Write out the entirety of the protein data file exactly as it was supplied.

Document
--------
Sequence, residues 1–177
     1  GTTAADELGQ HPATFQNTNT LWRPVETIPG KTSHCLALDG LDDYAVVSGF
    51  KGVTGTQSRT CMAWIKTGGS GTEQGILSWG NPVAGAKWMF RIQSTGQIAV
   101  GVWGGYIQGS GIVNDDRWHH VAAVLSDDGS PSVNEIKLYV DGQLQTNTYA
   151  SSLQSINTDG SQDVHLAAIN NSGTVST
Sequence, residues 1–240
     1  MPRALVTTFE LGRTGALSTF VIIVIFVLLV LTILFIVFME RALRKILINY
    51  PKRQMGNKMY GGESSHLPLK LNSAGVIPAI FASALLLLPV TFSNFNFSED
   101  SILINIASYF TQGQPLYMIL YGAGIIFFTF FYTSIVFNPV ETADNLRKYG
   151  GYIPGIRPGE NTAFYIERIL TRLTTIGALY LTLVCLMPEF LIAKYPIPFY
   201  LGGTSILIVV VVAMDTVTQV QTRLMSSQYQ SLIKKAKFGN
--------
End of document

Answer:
Sequence, residues 1–177
     1  GTTAADELGQ HPATFQNTNT LWRPVETIPG KTSHCLALDG LDDYAVVSGF
    51  KGVTGTQSRT CMAWIKTGGS GTEQGILSWG NPVAGAKWMF RIQSTGQIAV
   101  GVWGGYIQGS GIVNDDRWHH VAAVLSDDGS PSVNEIKLYV DGQLQTNTYA
   151  SSLQSINTDG SQDVHLAAIN NSGTVST
Sequence, residues 1–240
     1  MPRALVTTFE LGRTGALSTF VIIVIFVLLV LTILFIVFME RALRKILINY
    51  PKRQMGNKMY GGESSHLPLK LNSAGVIPAI FASALLLLPV TFSNFNFSED
   101  SILINIASYF TQGQPLYMIL YGAGIIFFTF FYTSIVFNPV ETADNLRKYG
   151  GYIPGIRPGE NTAFYIERIL TRLTTIGALY LTLVCLMPEF LIAKYPIPFY
   201  LGGTSILIVV VVAMDTVTQV QTRLMSSQYQ SLIKKAKFGN